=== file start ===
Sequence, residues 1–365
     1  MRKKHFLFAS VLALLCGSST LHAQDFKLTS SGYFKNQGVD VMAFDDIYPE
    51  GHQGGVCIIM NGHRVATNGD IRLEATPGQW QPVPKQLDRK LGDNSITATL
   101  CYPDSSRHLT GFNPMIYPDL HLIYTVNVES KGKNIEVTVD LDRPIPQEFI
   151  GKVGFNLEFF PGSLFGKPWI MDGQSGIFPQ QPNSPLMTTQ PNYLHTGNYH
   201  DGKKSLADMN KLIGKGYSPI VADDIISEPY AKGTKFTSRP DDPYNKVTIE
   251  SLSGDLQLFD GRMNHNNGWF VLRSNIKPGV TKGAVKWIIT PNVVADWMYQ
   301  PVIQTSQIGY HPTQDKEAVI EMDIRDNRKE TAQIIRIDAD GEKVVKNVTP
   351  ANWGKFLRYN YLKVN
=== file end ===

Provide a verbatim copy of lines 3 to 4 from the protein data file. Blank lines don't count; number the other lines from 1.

    51  GHQGGVCIIM NGHRVATNGD IRLEATPGQW QPVPKQLDRK LGDNSITATL
   101  CYPDSSRHLT GFNPMIYPDL HLIYTVNVES KGKNIEVTVD LDRPIPQEFI